Kristine Opolais

The Latvian soprano on Puccini's Suor Angelica

Kristine Opolais
Published: December 20, 2012 at 5:51 pm

The Latvian soprano takes the title role in a recent recording of Puccini's poignant opera Suor Angelica, appearing with the WDR Symphony Orchestra Köln and conductor Andris Nelsons, who is also her husband. She took some time between rehearsals to talk to us about singing this challenging role.


What was it like to sing the role of Suor Angelica?
This was the first time I'd sung the role and as Puccini is one of my favourite composers it's always a pleasure to sing his wonderful, conversational music. It's very difficult vocally. But when you really feel all the pain and emotions in the music, then that helps a lot. You forget about the vocal lines, and you're just living the music.

I had a great experience doing this recording, and I hope I'll sing this on stage. Of course then you also have to act, which is more difficult than just standing and singing. Also, on this recording I was just five weeks pregnant. Both my husband, the conductor Andris Nelsons, and I were so excited and happy, the feeling was fantastic. But obviously with Puccini's story being about women and babies, it was difficult.

How would you describe Suor Angelica's character?
It's a tough story about a young woman who was in love and fell pregnant. She came from a rich family, and they sent her to live with the nuns. She knows she's given the baby a peaceful life by being sent away, but all of the time she's thinking of her child. Any woman can understand what it must be like to live without any news of your child for seven years, to have no news. But then she finds out her baby has died, which is very painful, of course. It feels like life is ending for Angelica, so she makes herself some tea from a medical man, using some flowers. It's a drink which will kill her.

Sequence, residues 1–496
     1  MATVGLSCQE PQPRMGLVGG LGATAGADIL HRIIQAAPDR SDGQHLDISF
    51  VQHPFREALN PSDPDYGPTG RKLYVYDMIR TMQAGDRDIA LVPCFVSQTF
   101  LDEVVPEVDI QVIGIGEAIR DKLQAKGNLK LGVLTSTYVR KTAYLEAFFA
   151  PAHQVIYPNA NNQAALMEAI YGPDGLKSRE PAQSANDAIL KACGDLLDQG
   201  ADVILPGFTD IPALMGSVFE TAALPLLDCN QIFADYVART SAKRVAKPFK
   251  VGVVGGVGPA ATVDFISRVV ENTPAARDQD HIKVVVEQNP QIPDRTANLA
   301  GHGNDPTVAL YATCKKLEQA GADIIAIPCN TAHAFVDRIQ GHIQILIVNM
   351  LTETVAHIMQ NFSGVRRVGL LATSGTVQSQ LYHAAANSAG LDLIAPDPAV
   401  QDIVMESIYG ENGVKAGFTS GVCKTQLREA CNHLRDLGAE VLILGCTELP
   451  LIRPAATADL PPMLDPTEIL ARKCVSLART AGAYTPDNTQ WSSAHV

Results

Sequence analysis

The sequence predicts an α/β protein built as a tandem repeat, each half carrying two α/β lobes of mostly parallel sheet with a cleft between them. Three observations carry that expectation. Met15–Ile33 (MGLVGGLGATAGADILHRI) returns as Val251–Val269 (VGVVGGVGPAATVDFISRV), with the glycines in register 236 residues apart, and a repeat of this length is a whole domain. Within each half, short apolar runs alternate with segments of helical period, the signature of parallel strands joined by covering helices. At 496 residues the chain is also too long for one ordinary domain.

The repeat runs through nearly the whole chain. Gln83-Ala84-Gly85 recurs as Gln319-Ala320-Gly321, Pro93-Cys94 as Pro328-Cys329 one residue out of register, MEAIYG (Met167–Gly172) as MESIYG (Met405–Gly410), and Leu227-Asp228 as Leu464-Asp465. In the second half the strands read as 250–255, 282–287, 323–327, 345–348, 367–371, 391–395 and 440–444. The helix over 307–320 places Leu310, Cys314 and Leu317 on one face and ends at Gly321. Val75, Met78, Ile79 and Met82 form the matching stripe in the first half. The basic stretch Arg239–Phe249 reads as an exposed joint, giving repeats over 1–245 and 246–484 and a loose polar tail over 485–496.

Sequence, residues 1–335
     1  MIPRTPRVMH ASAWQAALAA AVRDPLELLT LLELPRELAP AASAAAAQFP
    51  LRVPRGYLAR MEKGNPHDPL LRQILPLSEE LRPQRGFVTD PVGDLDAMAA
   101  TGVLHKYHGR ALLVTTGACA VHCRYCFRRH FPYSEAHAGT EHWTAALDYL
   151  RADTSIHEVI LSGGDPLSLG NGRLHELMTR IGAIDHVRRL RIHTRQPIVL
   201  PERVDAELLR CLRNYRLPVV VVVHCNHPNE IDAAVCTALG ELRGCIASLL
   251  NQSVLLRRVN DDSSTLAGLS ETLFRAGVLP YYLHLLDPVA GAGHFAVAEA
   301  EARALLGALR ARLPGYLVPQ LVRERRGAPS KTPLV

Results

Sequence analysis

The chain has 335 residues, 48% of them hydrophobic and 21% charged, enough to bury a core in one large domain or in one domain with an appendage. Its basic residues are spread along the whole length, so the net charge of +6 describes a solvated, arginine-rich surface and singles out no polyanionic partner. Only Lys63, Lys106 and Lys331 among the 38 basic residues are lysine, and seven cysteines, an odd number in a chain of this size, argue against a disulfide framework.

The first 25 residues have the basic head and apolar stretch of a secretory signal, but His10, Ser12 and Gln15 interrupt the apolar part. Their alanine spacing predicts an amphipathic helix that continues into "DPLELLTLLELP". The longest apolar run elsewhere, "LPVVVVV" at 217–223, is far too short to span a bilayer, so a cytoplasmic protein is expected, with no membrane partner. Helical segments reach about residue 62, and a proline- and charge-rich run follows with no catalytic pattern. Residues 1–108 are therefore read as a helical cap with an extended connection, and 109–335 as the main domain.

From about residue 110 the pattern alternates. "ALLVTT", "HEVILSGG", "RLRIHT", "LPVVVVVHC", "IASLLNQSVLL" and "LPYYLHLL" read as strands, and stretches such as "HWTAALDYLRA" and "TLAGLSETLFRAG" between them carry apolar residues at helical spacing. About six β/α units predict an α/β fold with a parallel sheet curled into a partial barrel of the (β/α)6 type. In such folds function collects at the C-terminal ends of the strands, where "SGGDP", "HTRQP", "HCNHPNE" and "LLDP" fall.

So it's a difficult character, but the music is fantastic and beautiful. And actually, you know, I'm a person who likes stories about tragic destinies, like Puccini's Madam Butterfly or Janáček's Jenůfa, because I then understand how life is beautiful. I can see how I'm happy in my real life and that's all the better to play all these tragic characters I think.

You mention that Puccini is one of your favourite composers. Why does he appeal?
First of all there is everything in the music. It's about love, about relationships, passion… It's absolutely fantastic music, think of Madam Butterfly, La bohème, Tosca, Manon Lescaut. You can relax, cry, smile; you have everything there. And this is very romantic music, the lines are about joy, love and also tragedy. It's music that really opened my soul, my heart. When I sing it, I feel like a butterfly between all this fantastic brilliance.

And you're making your debut at the New York Met in Puccini next year…
I’m like La Fanciulla del Puccini! Next season I have a lot of Puccini: I’m back with Tosca at Covent Garden in March. I make my debut at the New York Met in January in La rondine, as Magda, which I'm studying now here in Zurich between my performances. I’m so happy that I sing a lot of Puccini's music and that in the future I have new productions in great houses in the greatest, huge roles of Puccini.


Puccini's 'Suor Angelica' starring Kristine Opolais, on the Orfeo label, was our Opera Choice in November


Rebecca Franks
Rebecca FranksJournalist, Critic and former Managing Editor of BBC Music Magazine

Rebecca Franks is the former Managing Editor of BBC Music Magazine and a regular classical music critic for The Times. She is currently writing her first children's book.

Sponsored content